Without explanations, memorizing is the only choice. And if you forget, you can't work it out again with pen and paper, you have to look it up. That is awful.

If you ask a teacher why they never explain it, they probably won't know what you mean or have thought about it. But once you explain yourself more, they'd probably say either that it's too hard, long and complicated to do that, or that the kids wouldn't be interested and don't need to know it.

But Feynman did it in 6 non-dense pages, so it's not too long, hard, or complicated. (Admittedly 3 or so of those pages may be dense to some people. For those people, normal math textbooks would be dense too. And anyway, 6 dense pages would be far shorter and easier than the curriculum schools use.)

As to interest, it's certainly more interesting than memorizing formulas for no reason, which the large majority of students already consider boring.

Elliot Temple | Permalink | Messages (9)

Limits of Critical Discussion?

How effective can critical discussion be as the primary mode of learning more in a field once you reach the very top of the field? Once you know all the common ideas and arguments, then people who only know those common ideas and arguments can be of little use.

Or perhaps not. If you have a new idea, then the reactions of those same people to the new idea will be new to you.

But what if you are so far ahead of others in the field that their reactions to new ideas consistently contain nothing you didn't already consider? Then critical discussion wouldn't be especially useful. Is such a scenario realistic? If one was in it, should they make progress by critical discussion within their own mind? Or should they find another field to work on? Or should they teach others and help them catch up? Or should they make progress in this field by some other method?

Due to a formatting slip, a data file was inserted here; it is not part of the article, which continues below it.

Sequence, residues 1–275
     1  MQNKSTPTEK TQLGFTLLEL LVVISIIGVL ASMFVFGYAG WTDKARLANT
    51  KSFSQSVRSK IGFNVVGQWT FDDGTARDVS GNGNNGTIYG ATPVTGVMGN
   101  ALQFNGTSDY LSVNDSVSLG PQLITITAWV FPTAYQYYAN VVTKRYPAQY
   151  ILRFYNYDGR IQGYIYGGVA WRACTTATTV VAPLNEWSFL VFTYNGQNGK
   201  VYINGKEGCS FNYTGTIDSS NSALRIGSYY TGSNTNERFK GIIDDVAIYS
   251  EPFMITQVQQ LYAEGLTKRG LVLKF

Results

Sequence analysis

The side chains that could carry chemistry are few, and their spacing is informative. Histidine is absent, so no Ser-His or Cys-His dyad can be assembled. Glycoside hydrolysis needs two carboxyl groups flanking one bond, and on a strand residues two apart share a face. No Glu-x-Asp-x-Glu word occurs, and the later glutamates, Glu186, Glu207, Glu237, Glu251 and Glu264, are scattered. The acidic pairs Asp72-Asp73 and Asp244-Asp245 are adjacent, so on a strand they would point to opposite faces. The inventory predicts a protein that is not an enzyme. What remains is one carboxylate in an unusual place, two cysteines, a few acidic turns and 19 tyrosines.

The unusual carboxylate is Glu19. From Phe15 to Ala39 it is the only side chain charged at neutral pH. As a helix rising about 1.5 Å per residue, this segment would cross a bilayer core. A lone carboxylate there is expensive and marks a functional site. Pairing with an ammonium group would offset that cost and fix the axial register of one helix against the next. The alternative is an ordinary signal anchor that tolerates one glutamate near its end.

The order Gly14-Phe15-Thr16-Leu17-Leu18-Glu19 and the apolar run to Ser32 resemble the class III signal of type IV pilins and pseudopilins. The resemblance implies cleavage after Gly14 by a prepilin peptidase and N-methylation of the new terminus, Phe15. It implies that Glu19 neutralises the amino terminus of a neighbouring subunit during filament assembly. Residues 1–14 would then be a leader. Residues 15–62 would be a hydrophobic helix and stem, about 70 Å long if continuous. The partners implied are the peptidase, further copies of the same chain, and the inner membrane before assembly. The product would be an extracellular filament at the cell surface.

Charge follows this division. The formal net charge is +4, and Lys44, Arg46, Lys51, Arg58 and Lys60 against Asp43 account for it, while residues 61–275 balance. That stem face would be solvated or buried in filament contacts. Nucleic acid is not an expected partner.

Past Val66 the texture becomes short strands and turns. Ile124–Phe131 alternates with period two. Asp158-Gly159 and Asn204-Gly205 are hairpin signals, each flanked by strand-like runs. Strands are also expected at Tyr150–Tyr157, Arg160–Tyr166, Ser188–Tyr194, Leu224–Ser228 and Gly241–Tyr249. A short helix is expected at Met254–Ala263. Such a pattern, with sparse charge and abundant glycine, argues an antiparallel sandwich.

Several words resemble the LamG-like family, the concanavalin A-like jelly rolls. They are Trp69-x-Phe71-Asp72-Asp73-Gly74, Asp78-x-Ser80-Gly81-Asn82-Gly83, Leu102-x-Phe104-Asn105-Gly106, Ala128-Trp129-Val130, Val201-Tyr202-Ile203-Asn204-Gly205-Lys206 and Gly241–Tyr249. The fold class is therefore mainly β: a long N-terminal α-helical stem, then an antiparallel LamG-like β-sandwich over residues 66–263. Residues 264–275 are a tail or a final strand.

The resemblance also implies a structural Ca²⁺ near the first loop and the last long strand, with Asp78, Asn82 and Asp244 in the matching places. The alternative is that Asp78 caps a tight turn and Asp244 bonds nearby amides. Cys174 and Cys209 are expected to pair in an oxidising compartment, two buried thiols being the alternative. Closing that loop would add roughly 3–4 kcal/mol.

Elliot Temple | Permalink | Messages (9)

Rethinking Popper Papers Comments

Preserving the authority of reason, Popper can...
The authority of reason is a contradiction.


Thus an author [like Popper] may be a privileged interpreter [of his own writing] but he is not necessarily reliable, infallible, the last word, or anything like that.
Why is a Popper conference paper claiming there exist privileged sources of knowledge (sometimes)?

Popper was essentially right about verification and passive induction : the former is inaccessible, outside formal sciences, and the latter is a myth
Why is a Popperian conference paper saying verification is possible (sometimes), and claiming further that that was Popper's view?
And we should certainly prefer the hypothesis that resists to our best criticisms better than the others do.
Why does he think we have a way to judge how good a theory is? And on a continuum, it sounds like. Popper offered no such technique.

What Popper offered is the idea that we can reject theories with even one false consequence. There's no continuum of falsity, they are just false, end of story. If criticism leaves us with exactly one remaining theory, then we should tentatively adopt it.

BTW that may sound implausible or unlikely to happen to have exactly one viable theory at some time. It isn't because there are techniques for ending up with exactly one theory, though I don't recall Popper ever explaining them.